Sorry, white people: Black women are not trying to save you
When Stacey Abrams became the first black woman to win a major party gubernatorial nomination in Georgia on Tuesday, it was a sign of things to come. There are 603 black women candidates running in 2018, and while it's impossible to say whether that's a record, it certainly feels like one.
In 2018, it's clear that black women are done being ignored and they’re done looking to save White America come election time. They're looking to save themselves.
In the special elections following President Trump's victory in the 2016 presidential contest, black voters have repeatedly delivered for the Democrats, crushing turnout numbers in Virginia and, most notably, Alabama. As a result, liberals across the country have sung their praises, thanking black women for delivering them from further Republican dominance. "Let me be clear: We won in Alabama and Virginia because #BlackWomen led us to victory," Democratic National Committee chairman Tom Perez tweeted after Democrats upset the GOP in Alabama.
Yet black women's turnout this year was really no surprise. Long the foundation of the Democratic Party, black women routinely vote at the highest rate of any gender or racial subgroup in the American electorate. During the 2008 and 2012 presidential elections, for example, 95 percent of black women turned in ballots for Barack Obama. In 2012, more than 70 percent of black women voted, outvoting black men (61.4 percent), white men (62.6 percent), and white women (65.6 percent) by large margins. And while their raw turnout numbers may have dipped slightly in 2016, they still overwhelmingly supported the Democratic Party by giving 95 percent of their votes to Hillary Clinton. In fact, since President Lyndon Johnson signed the Civil Rights Act into law in 1964, black Americans have never given Democrats less than 80 percent of their vote.
But what has come of this unwavering support? Underrepresentation and presumptions.
At 7.3 percent of the U.S. population, black women amount to less than 5 percent of officeholders in Congress. That underrepresentation also belies an even worse situation both up and down the ballot. Only five mayors of the nation's 100 most populous cities are black women, just 12 black women have ever held statewide elected executive offices, zero black women have ever been elected governor, and there’s only one black woman in the Senate.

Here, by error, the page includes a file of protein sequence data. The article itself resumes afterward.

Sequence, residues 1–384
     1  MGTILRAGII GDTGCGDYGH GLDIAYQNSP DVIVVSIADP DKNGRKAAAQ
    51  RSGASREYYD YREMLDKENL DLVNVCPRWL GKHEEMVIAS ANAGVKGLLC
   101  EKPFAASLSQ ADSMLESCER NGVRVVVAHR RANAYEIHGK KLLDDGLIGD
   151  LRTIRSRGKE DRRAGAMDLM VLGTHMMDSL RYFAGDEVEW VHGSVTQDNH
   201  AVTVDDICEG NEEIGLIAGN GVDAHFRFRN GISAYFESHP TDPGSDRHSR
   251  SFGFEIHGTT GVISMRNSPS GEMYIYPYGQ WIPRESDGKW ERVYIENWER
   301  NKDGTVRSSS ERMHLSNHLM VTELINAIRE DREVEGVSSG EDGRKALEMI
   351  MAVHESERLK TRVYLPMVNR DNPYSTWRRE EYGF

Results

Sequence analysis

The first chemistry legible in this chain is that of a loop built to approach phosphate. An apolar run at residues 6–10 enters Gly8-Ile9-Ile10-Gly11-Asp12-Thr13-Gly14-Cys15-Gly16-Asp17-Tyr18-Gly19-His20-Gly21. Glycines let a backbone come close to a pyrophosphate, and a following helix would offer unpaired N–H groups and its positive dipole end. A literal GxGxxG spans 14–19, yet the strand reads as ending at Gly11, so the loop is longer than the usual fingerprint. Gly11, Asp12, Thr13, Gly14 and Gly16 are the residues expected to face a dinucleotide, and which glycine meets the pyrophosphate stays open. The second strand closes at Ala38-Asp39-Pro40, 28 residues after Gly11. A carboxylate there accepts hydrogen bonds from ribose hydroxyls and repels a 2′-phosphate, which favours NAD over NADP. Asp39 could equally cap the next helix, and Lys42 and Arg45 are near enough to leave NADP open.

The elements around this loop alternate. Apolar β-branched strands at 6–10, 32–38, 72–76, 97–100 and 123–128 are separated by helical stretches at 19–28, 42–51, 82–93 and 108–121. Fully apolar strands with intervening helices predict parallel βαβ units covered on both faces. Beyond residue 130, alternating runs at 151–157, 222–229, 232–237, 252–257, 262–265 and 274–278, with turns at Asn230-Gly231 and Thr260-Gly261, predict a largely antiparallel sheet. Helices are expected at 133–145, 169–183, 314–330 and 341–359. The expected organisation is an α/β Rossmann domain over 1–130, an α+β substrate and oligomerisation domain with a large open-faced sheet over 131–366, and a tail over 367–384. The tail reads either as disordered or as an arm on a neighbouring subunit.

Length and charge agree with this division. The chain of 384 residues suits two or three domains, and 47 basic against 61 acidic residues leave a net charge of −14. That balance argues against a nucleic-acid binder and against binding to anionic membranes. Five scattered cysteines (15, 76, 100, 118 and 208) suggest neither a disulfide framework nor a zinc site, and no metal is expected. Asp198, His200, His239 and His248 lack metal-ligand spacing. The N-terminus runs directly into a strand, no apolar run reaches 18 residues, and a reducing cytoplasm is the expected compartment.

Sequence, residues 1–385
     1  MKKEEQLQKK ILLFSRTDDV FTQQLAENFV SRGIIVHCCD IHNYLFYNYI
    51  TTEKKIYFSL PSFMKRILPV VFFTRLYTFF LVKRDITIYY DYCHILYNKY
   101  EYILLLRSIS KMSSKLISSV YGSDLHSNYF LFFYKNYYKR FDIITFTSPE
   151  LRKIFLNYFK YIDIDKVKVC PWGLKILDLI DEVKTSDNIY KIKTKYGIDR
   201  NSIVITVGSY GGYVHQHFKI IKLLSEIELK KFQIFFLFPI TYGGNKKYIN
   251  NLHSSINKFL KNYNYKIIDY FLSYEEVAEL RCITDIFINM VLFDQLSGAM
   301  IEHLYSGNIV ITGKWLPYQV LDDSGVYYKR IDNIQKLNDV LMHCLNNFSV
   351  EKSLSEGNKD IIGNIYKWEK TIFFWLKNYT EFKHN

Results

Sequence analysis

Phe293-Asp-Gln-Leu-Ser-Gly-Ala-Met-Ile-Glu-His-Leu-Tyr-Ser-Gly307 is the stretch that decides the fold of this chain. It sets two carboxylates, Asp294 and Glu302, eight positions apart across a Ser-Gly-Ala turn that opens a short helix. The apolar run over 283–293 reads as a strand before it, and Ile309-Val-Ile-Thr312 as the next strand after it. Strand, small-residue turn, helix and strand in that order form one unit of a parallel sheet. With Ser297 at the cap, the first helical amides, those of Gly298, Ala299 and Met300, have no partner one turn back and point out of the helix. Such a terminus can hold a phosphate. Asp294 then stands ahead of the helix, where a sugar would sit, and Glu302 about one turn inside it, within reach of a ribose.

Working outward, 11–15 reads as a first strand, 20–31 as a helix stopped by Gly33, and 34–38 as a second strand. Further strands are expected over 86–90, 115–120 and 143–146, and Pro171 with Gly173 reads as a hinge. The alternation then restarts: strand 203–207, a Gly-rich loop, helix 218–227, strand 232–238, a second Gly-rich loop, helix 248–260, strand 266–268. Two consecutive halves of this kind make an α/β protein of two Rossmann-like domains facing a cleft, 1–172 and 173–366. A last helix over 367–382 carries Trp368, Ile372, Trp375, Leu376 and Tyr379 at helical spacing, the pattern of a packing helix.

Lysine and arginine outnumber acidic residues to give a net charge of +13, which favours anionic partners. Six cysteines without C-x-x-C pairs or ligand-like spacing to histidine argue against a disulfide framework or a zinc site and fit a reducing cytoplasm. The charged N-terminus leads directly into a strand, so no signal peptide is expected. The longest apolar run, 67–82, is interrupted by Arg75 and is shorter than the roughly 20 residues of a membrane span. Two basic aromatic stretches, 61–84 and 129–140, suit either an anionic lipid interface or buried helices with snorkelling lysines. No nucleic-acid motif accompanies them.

This underrepresentation has resulted in policy choices that routinely fail black women. As my colleague Ryan Cooper pointed out, Democrats' thanks has simply not translated into actual policy, even this year. The black community, especially black women, continue to be disproportionately affected by poor access to health care — just look up how many black mothers die during childbirth compared to white mothers — police violence, sexual violence, and an educational system in which they receive excessive discipline. Yet when the polls close and the politicians head to D.C., policies to address these crises always seem to be sidelined for fear of alienating white voters. Even Alabama's new Democratic Sen. Doug Jones was last spotted helping to roll back regulations aimed at preventing racial discrimination in real estate.
This is why black women are taking matters into their own hands this year. Before her groundbreaking victory in the Georgia primary, Stacey Abrams persistently spoke of expanding Medicaid, addressing Georgia’s extreme birth mortality rate, reforming the criminal justice system, and fully funding public education. And while that's not a novel platform for a Democrat, when she says it, you can tell she means to follow through.
Abrams might be one of the more notable candidates for the midterm elections, but there are several other black female congressional candidates running in Mississippi, Florida, Colorado, Massachusetts, Pennsylvania, and Illinois. They’re all perfectly viable options — intelligent and compassionate black women looking to change the political landscape.
The pattern of policymakers wooing black voters, thanking the black community after they win, and then doing little to make their grievances a priority is not good enough. Black women deserve real support. That’s why they're coming for those seats in Congress.